The story of the decline of the French empire and the indelible mark colonialism left on countries that were colonised. In the mid-to-late 19th century, the French and other European powers colonised much of Africa and Southeast Asia. During the decades of imperialism, these industrialising powers viewed the African and Asian continents as reservoirs of raw materials, labour and territory for future settlement. In most cases, however, significant development and European settlement in these colonies was sporadic. After the second world war, the French and European colonial empires started falling apart. By 1966, most French-controlled territories and colonies gained independence, and new nation states were established. This three-part series charts the history of that period of decolonisation, and explores the debates about assimilation, race, identity and citizenship that have troubled France from then until now. Featuring interviews with war veterans and descendants of those who experienced the "blood and tears" of colonialism and decolonisation directly – in Africa, Southeast Asia, the Caribbean and the Pacific – it also looks at the indelible mark this has left on the hearts and souls of close to half a billion people across five continents and some 45 countries.
From the 15th to well into the 20th century, Europeans conquered and dominated the world. On behalf of Spain, Christopher Columbus sought a new sea route to India and instead found a "New World". His discovery was the starting signal for the "Europeanization of the Earth".
Even during the brutality of the Dark Ages, the Vikings of Northern Europe were considered particularly fearsome, ruthless, and dangerous. For centuries, historians believed all Viking warriors were men, but new archaeological discoveries on a small island in central Sweden have revealed evidence that some of the fighters were women. See how modern forensic testing helped identify the sex of one female war chief.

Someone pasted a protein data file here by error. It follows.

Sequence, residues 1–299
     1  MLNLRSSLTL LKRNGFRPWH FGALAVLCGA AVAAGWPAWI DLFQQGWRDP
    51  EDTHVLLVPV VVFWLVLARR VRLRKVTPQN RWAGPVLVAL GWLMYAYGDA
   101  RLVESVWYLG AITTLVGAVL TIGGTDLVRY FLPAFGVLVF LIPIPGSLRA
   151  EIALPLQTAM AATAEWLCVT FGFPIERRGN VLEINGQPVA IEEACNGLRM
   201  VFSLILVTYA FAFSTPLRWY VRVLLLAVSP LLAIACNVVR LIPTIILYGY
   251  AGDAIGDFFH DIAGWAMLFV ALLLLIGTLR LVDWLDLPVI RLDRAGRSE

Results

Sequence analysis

2019 • History
An extraordinary journey tracing the footsteps of early Homo sapiens leaving Africa, reaching the easternmost end of the Eurasian continent, and developing unique culture there. The latest paleoanthropological findings and CGI created by top game creators should stun the viewers.
How a Future US President Faced Death in the War in the Pacific Set against the backcloth of motor torpedo boats attracting adventurous spirits in both world wars, this is the story of the future US President and his struggle to survive after the sinking of his PT-109 off New Georgia in the Solomons in July 1943. Few people know how close JFK came to death in World War II when his PT-109 was rammed by a Japanese destroyer in the Pacific killing two of its crew. While on night patrol in the Solomon Islands, skipper Jack Kennedy's torpedo boat was cut in half by a Japanese destroyer. Although injured himself, Kennedy pulled one badly wounded man to the shore, then swam to nearby islands to find help for his crew. Kennedy's torpedo boat was the only one to be rammed by the Japanese navy during the war, which led to accusations of poor leadership. However, nobody could doubt the courage of Kennedy to lead his 10 men to safety as he swam for over five hours to raise the alarm and be rescued by a navy that had given him up for dead. His exceptional courage and leadership saved his men... and made him one of World War II's most notable heroes.
15/20 • The True Action Adventures of the Twentieth Century • 1996 • History
A unique and compelling documentary examining the events of September 11th 2001, featuring never-before-seen footage captured by those on the ground on that fateful day. Told in the moment without interview, commentary, or narration, this riveting documentary weaves together the personal video of a dozen people whose accounts provide a raw and unfiltered telling of 9/11.
2021 • History